Boks’ scratch side squeak home

2010-06-07 00:00

THE hastily-assembled Springboks, collectively and individually, produced about half-an-hour of excellent rugby and that was enough to see off the limp challenge of the Welsh in the weekend Test at Cardiff’s Millenium Stadium.

Springbok captain John Smit later described his team 34-31 victory as “ordinary”, but there were mitigating circumstances. Certainly the lack of preparation showed in the first quarter when the Boks were confused and penalised by Irish referee Alan Lewis at the scrum and turned over far too much ball, but they started to settle as half-time approached and their improved scrum and the threatening presence of Victor Matfield in the lineout helped them take charge.

The Welsh, in front of 60 000 supporters, with their strongest available team and two weeks of preparation, should have been able to put away a diluted, disrupted Bok combination. But they needed two tries in the closing seven minutes to give the scoreboard some respectability and they now face a daunting two-Test series in New Zealand.

The Boks had been deep in trouble, down 3-16, midway through the first half after an indecisive Smit, in the backline and with too much time on his hands, first considered a tactical kick, but eventually opted for a weak pass and gifted James Hook an intercept try. But the South Africans kept their composure and led 31-19 before the usual rash of late replacements by coaches Peter de Villiers and Dick Muir helped the late Welsh flourish.

The Springboks have every reason to be proud of the victory, if not the quality of their rugby. None of the Springboks can look back on a faultless display, but there was enough energy and quality to cover the many cracks.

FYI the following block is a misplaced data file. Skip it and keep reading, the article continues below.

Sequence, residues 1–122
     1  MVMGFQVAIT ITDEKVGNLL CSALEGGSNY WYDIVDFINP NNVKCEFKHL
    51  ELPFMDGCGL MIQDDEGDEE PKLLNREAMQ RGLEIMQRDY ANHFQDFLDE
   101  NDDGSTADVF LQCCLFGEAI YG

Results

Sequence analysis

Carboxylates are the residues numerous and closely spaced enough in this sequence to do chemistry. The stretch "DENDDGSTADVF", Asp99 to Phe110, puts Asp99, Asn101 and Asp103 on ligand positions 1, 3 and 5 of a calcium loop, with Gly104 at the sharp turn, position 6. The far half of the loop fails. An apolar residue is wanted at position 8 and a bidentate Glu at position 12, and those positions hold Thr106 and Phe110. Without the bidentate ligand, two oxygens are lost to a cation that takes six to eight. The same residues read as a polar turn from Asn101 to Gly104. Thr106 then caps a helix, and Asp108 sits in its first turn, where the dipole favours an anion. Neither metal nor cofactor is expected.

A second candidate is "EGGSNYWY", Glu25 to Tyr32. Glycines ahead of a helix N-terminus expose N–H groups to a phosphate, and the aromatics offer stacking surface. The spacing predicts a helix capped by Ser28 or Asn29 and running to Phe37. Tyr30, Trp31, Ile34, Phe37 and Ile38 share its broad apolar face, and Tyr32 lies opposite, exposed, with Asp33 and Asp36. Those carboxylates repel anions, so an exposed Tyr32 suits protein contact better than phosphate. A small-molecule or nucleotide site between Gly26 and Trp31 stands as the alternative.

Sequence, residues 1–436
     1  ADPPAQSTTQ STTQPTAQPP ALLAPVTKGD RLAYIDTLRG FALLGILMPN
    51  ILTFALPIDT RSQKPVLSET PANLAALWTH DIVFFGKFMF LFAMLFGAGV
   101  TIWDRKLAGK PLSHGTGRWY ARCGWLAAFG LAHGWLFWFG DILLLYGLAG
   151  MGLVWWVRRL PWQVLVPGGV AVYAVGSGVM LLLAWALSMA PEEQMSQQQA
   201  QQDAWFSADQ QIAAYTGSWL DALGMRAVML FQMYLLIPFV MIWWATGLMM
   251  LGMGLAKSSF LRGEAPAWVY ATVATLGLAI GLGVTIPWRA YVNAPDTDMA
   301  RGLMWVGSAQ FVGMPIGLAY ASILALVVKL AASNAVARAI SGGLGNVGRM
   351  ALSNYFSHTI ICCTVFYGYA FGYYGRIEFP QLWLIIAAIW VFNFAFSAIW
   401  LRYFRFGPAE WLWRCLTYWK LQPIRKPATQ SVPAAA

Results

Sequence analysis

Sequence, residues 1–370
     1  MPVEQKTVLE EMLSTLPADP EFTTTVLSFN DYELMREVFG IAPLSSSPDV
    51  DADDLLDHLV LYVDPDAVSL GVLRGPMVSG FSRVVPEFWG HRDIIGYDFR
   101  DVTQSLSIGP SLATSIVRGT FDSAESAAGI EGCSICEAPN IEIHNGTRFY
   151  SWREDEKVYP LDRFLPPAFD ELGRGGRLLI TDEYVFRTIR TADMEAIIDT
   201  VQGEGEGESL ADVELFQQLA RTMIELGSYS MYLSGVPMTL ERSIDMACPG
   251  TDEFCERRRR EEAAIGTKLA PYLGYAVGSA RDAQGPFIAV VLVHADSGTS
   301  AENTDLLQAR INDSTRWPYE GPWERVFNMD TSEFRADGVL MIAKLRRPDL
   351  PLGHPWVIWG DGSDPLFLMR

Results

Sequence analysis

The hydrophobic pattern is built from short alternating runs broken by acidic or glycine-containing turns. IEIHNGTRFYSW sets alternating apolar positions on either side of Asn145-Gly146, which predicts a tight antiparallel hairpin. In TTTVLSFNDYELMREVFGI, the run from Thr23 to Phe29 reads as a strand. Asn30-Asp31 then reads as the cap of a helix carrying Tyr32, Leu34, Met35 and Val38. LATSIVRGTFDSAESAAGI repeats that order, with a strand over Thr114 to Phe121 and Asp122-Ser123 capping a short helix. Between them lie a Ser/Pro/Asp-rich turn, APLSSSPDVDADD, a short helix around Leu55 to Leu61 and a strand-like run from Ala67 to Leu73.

Lock Danie Rossouw, after a shaky start, produced a powerful display, and his angled run produced a second-half try for busy flank Dewald Potgieter, while flank Francois Louw was another to emerge with credit.

Scrumhalf Ricky Januarie, along with many of his team-mates, mixed the good, the bad and the indifferent, while flyhalf Ruan Pienaar, who booted 16 points, showed several excellent touches in his timing of the pass, but should be at scrumhalf against France on Saturday if Fourie du Preez is ruled out.

The settled Stormers’ combination of Jaque Fourie and Juan de Jongh, who also wrong-footed the defence for an excellent second-half try, closed down the Welsh midfield. The brave, slightly-built wing, Gio Aplon, had a far more comfortable game than he did in the Super 14 final.

Wing Odwa Ndungane had one run to score the Boks’ first try and the heavy knock he took in the process ended his Test. Fullback Frans Steyn was typically Frans Steyn as he made a couple of errors, but was strong in the tackle, kicked prodigiously and landed a 50 metre penalty.

The unfortunate Zane Kirchner, rushed all the way to Cardiff as back-up after Butch James was withdrawn, was tossed into action for the final four minutes. He dropped the first ball he received and replacement lock Alun Wyn Jones scored (34-31) to at least provide the expectant crowd with an exciting finish.

Wales head coach Warren Gatland was again left ruing what might have been.

“We are frustrated. If that was a couple of years ago, we would have said what a good performance it was. But we have come on from there.

“In the opening 25 minutes we were clinical, accurate and 16-3 up, and then we caught some sort of disease, I don’t know what it is.

“We lost three lineouts in a row, we had a couple of turnovers at the breakdown and, at 16-3, we gave away a stupid penalty, and that gave them a bit of momentum.”

Gatland refused to accept that they were playing a second-string outfit.

“We played the world champions today and guys who played in the Super 14 final last week. We know if we are more clinical we are capable of beating anyone.”

Well, they had their chance on Saturday and fluffed it.


South Africa 34 (Odwa Ndungane, Dewald Potgieter, Juan de Jongh tries; Ruan Pienaar 4 penalties, 2 conversions, Frans Steyn penalty)

Wales 31 (James Hook, Tom Prydie, Alun-Wyn Jones tries; Stephen Jones 3 penalties, 2 conversions, Hook drop goal).

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